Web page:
Conch Lord Of The Flies Analysis

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In the novel Lord of the Flies, the island ends up in a state of chaos because of the lack of direction present. Hunting becomes the main priority on the island, and all the other chores are pushed aside. Violence occurs more frequently, resulting in the boy’s being harmed and even killed. The conch, a symbol representing freedom of speech, loses its power over the boys. These factors lead to the boys being disordered, and uncivilized. In William Golding’s, Lord of the Flies, the boys declining behaviour on the island demonstrates the need for humans to have rules.

In the beginning, the boys all believed in following the rules that they had set, and that finishing all the daily chores was necessary for their survival. During this time,
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The conch is the first rule created on the island, only allowing one to speak if they are holding it. The conch was a symbol everyone respected in the beginning. Even Jack, who later dismisses the conch and its importance, understood. He proves this when he “laid the conch with great care in the grass at his feet”, even though he was upset and humiliated over the fact no one had re-voted him chief instead of Ralph (Golding 140). When the boys all begin to dismiss the conch, and rules, Ralph refuses to blow the conch because “if i blow the conch and they don’t come back; then we 've had it” (Golding 99). Ralph recognizes that the conch is losing it’s meaning, and does not want to forfeit what he has left of his control over the boys. When Jack and his tribe separate from Ralph 's tribe there is no conch, or any other symbol, to establish rules and let each boy voice their own thoughts. This allows for Jack to take control, and make all the decisions himself. With no communication between the boys, Jack sees no sense in sharing the reasons for his decisions, resulting in the boys having to mindlessly accept the punishments, such as the one forced on Wilfred. In the end, the conch is shattered, taking all rules and civilization with it. With no conch, there was nothing in the way of Jack claiming the chief …show more content…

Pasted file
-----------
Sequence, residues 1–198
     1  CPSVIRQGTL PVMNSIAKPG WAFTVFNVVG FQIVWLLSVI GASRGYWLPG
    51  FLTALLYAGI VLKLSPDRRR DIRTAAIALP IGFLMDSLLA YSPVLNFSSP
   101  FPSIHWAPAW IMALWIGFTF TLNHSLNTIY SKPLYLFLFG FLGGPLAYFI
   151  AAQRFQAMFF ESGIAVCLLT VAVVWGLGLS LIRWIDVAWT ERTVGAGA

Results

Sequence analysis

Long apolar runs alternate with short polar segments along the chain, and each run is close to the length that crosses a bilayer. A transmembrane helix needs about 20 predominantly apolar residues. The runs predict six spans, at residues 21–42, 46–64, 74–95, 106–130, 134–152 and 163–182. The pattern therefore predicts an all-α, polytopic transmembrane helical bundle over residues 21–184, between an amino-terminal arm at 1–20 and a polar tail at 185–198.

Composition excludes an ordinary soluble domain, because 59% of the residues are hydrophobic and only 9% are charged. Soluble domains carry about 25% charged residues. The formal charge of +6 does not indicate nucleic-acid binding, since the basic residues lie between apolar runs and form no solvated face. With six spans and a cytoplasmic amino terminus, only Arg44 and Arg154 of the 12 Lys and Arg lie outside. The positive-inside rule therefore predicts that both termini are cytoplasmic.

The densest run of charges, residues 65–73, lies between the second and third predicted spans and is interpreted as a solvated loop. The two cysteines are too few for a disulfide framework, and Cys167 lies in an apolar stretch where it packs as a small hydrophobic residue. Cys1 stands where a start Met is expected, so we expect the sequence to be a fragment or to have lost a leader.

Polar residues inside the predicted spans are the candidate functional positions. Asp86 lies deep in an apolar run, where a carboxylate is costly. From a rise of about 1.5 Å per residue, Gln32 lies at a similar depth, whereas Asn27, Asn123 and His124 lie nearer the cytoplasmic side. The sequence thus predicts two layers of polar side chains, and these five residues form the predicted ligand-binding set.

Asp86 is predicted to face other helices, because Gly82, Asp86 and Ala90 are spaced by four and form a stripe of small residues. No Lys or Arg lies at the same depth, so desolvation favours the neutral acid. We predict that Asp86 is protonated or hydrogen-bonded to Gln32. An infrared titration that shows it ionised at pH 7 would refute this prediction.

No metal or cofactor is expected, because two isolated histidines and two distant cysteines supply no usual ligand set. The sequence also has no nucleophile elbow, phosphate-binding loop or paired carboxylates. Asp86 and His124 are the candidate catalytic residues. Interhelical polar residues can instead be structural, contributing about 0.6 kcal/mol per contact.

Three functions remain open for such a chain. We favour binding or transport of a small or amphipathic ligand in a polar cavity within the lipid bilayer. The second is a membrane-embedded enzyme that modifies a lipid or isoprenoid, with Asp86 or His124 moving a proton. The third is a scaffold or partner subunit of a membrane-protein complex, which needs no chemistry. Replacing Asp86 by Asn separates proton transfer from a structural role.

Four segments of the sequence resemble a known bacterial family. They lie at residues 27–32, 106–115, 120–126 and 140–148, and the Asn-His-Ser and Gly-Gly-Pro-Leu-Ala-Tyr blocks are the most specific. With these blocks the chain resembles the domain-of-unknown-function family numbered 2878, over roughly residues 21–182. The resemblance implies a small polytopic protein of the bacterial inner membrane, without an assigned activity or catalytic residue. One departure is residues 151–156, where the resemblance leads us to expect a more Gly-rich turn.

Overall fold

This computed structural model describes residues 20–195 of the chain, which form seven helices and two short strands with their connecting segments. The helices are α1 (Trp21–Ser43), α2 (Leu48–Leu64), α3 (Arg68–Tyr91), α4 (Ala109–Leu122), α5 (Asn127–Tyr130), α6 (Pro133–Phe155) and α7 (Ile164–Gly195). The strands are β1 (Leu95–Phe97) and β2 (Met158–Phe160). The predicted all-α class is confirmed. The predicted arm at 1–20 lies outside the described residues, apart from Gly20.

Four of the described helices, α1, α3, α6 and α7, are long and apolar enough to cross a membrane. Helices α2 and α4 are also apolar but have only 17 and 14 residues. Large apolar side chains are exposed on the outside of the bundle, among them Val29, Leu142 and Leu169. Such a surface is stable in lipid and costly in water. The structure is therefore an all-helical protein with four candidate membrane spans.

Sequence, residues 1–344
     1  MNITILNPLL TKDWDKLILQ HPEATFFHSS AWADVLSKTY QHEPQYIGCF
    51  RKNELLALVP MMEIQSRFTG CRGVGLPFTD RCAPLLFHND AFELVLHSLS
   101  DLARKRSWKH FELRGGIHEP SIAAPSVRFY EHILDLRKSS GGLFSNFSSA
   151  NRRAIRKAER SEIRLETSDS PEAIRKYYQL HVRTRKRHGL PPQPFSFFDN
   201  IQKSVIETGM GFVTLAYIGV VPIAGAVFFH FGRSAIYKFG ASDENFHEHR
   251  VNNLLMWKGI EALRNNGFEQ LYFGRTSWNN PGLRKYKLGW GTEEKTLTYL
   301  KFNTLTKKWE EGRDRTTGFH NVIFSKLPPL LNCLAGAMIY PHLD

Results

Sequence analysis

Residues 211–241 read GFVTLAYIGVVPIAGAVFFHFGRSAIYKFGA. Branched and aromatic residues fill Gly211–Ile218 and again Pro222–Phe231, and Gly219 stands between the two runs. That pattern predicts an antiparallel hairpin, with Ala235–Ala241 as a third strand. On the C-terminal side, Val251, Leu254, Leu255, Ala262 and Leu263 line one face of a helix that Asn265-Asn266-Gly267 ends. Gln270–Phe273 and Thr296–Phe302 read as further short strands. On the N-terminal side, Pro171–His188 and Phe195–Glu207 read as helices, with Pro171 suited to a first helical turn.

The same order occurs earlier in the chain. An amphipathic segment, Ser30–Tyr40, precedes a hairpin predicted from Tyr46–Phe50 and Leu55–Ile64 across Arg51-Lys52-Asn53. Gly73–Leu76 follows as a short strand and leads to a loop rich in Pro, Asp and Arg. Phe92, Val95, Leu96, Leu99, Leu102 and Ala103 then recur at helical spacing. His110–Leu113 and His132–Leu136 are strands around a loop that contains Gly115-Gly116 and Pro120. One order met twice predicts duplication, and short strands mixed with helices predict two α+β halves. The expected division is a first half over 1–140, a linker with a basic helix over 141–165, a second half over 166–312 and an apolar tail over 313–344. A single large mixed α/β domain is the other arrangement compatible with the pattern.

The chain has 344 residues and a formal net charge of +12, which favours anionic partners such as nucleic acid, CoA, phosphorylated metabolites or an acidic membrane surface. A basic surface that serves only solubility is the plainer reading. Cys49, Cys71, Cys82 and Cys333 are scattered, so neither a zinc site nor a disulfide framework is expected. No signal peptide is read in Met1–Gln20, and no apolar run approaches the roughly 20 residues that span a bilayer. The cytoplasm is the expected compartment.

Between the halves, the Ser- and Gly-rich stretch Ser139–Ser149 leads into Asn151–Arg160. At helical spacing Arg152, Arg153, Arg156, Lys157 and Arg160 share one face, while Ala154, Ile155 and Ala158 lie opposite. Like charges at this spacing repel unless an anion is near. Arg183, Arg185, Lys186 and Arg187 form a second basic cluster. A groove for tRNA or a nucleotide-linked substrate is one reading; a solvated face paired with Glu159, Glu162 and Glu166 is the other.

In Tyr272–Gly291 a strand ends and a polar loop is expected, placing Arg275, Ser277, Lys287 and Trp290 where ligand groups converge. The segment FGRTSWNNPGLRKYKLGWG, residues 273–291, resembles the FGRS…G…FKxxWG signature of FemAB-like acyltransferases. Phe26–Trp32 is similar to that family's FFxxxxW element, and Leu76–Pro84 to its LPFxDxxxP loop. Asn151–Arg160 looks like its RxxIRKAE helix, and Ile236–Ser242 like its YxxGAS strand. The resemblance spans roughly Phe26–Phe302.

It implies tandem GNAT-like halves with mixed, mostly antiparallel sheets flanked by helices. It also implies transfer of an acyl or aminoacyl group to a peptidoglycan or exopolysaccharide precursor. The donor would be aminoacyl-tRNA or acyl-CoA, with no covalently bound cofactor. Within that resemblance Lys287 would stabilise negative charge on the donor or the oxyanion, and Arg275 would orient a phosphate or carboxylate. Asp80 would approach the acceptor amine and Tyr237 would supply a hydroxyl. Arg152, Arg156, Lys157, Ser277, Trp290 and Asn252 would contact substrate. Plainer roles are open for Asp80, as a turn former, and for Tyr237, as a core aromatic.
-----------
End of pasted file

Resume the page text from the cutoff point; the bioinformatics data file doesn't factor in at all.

If the boys had kept the order, and had kept caught up on their responsibilities, they would have been rescued way before the deaths that happened on the island. If the boys embraced the rules, their savage side would not have consumed them, and Simon and Piggy would not have been killed. If the boys had respected the conch their entire stay on the island, and stayed conjoined to each other, and their goal of rescue, the boys would have remained civilized. Through the Lord of the Flies, William Golding was trying to show us the importance of rules, no matter how pointless they seem, and how we would live in fear without them. William Golding, using the boys, showed us that having rules in our society, is the only thing keeping us

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